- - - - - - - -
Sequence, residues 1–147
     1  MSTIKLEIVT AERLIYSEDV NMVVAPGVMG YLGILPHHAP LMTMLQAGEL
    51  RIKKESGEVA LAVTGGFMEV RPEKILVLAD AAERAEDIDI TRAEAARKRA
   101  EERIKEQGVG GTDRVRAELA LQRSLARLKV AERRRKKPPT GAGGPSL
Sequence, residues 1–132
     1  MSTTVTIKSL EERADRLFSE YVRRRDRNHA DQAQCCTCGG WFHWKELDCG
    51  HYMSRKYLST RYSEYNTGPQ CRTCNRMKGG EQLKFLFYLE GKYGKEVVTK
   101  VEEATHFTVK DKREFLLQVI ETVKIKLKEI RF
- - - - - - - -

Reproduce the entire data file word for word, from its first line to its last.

Sequence, residues 1–147
     1  MSTIKLEIVT AERLIYSEDV NMVVAPGVMG YLGILPHHAP LMTMLQAGEL
    51  RIKKESGEVA LAVTGGFMEV RPEKILVLAD AAERAEDIDI TRAEAARKRA
   101  EERIKEQGVG GTDRVRAELA LQRSLARLKV AERRRKKPPT GAGGPSL
Sequence, residues 1–132
     1  MSTTVTIKSL EERADRLFSE YVRRRDRNHA DQAQCCTCGG WFHWKELDCG
    51  HYMSRKYLST RYSEYNTGPQ CRTCNRMKGG EQLKFLFYLE GKYGKEVVTK
   101  VEEATHFTVK DKREFLLQVI ETVKIKLKEI RF